Ayman Hirh was a successful marble and granite trader in the Jobar district of Syria’s capital, Damascus, before the escalating political situation in his country drove him and his family into exile. Because of his involvement as an activist in the 2011 uprising and President Al-Assad’s subsequent crackdown on any and all dissent, Ayman was forced into hiding before he was able to borrow $2,000 to bribe government officials to renew his passport and make his escape. He arrived at Heathrow airport in January 2012 and was swiftly relocated to Glasgow before reuniting with his family to build a new life in the UK. Ayman currently lives with his wife, Iman, and two children, Bishir and Bassil, in Edinburgh.
I met Ayman and his family just as this new mural, featuring his portrait and story, was finished on Camden Mews this afternoon. With his wife by his side and his children playing happily nearby, Ayman was visibly elated with how the piece, by street artist PANG turned out. I shook his hand and he was kind enough to let me take a picture of him with the piece. The mural reads:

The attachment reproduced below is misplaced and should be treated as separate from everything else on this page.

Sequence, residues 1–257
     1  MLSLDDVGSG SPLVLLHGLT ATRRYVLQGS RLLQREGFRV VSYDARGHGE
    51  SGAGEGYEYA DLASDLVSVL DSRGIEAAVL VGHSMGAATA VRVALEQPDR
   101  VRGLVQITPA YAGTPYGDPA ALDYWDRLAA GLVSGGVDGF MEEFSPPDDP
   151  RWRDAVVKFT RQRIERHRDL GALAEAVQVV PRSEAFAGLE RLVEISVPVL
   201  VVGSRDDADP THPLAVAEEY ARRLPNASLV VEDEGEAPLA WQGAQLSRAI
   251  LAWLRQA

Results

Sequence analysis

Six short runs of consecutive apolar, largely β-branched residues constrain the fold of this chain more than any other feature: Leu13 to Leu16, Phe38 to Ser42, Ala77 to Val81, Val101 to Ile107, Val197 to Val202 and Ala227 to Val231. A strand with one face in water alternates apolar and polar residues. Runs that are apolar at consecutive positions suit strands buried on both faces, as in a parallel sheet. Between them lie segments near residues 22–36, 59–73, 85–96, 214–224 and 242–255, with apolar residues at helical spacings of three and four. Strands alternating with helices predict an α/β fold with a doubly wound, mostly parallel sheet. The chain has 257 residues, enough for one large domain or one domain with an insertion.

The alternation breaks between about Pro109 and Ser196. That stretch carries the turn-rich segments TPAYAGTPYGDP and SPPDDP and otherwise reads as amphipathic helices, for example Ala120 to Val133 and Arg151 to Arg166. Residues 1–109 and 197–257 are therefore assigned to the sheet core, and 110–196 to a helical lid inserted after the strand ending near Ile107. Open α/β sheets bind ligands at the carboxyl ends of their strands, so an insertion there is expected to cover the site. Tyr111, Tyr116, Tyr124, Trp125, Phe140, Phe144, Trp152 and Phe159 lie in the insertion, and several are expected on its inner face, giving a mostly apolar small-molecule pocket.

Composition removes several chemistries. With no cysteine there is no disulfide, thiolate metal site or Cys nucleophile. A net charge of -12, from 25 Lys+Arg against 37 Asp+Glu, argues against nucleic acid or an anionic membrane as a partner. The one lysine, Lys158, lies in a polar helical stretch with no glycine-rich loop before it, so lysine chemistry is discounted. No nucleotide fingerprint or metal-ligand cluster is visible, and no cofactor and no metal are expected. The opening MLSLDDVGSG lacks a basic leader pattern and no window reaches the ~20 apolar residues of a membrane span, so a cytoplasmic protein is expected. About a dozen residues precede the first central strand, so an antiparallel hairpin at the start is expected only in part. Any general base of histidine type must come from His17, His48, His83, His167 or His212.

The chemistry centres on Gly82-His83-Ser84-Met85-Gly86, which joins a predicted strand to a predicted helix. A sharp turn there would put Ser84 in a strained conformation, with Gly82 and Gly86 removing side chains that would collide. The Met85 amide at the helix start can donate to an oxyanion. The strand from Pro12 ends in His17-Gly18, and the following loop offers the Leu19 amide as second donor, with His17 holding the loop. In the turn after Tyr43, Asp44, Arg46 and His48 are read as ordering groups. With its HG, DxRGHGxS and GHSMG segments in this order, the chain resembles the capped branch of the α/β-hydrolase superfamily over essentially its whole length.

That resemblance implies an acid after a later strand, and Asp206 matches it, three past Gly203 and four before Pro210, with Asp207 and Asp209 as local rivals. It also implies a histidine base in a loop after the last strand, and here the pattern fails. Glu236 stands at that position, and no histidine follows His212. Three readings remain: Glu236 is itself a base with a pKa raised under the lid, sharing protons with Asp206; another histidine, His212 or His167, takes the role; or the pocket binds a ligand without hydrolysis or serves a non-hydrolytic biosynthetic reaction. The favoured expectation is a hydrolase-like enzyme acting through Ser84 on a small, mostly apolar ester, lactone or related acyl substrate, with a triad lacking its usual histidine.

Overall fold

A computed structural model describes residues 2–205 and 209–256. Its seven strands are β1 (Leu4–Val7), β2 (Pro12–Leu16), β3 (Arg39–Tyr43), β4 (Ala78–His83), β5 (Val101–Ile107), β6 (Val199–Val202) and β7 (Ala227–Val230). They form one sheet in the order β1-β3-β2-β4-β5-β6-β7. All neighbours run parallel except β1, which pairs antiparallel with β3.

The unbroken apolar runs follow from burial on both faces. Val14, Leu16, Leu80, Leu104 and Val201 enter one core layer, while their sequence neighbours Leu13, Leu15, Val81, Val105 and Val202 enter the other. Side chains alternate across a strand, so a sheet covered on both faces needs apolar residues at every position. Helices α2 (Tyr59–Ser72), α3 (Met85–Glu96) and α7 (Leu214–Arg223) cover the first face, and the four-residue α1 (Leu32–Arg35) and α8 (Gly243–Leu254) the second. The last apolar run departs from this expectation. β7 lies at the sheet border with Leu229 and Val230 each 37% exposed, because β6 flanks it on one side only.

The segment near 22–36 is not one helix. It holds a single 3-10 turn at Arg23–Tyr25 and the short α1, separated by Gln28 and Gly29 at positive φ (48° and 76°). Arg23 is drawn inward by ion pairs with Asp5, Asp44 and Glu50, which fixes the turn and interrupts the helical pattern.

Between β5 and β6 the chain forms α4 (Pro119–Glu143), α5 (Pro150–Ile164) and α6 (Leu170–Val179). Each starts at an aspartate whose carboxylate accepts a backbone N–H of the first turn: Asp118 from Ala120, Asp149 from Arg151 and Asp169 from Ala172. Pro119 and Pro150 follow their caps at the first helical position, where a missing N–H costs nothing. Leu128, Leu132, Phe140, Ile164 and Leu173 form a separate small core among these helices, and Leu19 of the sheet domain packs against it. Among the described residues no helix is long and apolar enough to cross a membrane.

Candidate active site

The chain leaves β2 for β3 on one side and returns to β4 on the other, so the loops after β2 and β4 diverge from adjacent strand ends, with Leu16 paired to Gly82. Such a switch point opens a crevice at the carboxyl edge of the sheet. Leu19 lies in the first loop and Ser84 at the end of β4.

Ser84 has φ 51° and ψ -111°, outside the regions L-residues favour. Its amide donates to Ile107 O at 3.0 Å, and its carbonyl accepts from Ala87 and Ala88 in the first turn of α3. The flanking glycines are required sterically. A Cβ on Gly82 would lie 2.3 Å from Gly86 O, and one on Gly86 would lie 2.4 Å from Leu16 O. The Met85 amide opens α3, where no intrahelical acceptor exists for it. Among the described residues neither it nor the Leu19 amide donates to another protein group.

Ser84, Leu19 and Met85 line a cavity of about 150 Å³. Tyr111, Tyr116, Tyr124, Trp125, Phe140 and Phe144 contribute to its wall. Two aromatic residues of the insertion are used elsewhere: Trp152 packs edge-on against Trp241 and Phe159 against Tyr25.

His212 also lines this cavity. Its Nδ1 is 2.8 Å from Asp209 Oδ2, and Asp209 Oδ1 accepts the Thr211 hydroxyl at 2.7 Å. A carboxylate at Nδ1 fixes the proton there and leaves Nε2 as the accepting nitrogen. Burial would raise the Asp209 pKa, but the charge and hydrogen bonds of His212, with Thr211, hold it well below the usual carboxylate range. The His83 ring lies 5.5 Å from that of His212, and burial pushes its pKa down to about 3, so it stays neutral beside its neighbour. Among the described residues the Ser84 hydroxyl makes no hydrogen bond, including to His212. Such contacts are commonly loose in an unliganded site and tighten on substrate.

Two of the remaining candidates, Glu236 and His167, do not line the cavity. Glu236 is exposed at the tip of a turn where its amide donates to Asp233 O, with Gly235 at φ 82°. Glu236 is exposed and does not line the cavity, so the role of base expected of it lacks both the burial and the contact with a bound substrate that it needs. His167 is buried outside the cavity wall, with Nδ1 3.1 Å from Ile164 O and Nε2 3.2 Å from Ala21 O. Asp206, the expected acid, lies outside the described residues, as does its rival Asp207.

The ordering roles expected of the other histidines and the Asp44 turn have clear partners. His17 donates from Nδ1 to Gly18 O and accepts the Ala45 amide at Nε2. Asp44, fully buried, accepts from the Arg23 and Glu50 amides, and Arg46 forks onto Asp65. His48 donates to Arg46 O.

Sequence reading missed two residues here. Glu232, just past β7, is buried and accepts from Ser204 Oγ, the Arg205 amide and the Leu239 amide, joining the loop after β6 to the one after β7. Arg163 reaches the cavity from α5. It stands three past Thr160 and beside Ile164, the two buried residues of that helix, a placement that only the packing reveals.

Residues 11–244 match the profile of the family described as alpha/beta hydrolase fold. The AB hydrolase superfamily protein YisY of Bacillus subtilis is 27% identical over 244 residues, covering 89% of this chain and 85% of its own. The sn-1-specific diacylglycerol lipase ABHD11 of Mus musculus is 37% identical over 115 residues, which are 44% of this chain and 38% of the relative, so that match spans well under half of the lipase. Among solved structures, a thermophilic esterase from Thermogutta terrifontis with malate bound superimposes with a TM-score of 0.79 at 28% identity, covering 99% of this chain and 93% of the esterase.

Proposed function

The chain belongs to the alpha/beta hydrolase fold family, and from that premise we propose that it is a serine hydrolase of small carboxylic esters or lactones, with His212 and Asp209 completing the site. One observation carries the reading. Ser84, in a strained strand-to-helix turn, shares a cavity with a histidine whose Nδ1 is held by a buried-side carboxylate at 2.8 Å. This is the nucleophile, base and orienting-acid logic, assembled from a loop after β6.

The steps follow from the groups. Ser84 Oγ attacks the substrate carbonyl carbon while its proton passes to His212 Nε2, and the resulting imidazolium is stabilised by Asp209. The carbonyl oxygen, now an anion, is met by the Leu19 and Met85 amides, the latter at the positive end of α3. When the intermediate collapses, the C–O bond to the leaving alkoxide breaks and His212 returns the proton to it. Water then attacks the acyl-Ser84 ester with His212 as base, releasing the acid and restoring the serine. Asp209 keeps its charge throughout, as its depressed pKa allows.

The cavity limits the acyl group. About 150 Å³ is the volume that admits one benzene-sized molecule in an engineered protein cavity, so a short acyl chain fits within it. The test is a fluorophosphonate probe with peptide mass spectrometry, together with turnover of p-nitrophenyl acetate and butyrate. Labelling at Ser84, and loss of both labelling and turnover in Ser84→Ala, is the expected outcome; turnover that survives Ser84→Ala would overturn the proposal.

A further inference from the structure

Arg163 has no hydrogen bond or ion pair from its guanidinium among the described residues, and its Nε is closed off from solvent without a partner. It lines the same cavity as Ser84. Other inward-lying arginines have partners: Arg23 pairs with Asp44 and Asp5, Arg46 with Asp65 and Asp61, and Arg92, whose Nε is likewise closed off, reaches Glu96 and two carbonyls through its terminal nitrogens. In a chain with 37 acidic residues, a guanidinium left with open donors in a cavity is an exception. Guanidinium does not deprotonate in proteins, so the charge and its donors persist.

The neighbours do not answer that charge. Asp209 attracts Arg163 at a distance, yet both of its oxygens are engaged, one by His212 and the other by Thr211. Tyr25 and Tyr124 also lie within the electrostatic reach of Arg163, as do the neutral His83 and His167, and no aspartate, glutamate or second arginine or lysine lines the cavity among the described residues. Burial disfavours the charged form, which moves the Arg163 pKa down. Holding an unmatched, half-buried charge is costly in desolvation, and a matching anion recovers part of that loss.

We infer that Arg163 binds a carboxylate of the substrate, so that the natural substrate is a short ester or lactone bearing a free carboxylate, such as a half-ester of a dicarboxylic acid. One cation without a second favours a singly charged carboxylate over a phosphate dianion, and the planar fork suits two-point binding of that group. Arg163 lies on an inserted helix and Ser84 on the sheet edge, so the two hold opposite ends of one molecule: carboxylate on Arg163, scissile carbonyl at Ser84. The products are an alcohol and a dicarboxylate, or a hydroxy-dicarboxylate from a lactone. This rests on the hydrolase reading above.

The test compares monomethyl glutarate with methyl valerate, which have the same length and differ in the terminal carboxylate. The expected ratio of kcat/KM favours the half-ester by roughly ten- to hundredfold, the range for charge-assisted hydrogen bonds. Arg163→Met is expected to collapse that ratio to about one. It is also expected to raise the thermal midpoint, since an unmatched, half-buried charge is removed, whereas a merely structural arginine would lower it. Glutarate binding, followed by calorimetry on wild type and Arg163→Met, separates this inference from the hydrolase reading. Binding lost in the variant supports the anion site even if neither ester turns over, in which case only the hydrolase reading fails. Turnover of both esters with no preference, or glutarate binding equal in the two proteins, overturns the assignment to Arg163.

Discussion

“I am Ayman and I am a refugee from Syria. I was granted asylum in the UK in 2012. I was a successful businessman selling marble and granite across Syria, and living with my wife and two sons in the Jobar district of Syria’s capital Damasus, Every night before we go to sleep, we remember our home. I love my flat in Damascus more than Buckingham Palace. When I look at my children and see that they are happy and living a normal life, I think immediately of all the children still in Syria. #TheLongRoadEP.”
The mural was created to spotlight the plight of millions of refugees who have fled Syria since 2011, as well as to publicize The Long Road, a concept album due for release by The Red Cross on March 4th. The record is inspired by the real-life stories of refugees and asylum seekers and brings together major international artists including Robert Plant, Scroobius Pip, Kindness, Tinariwen and the Sierra Leone Refugees Allstars.
Ayman’s story had a happy ending, however, it is estimated that around 4.6 million Syrians are currently living as refugees, while an expected 6.6 million have been displaced within Syria; half of these are children.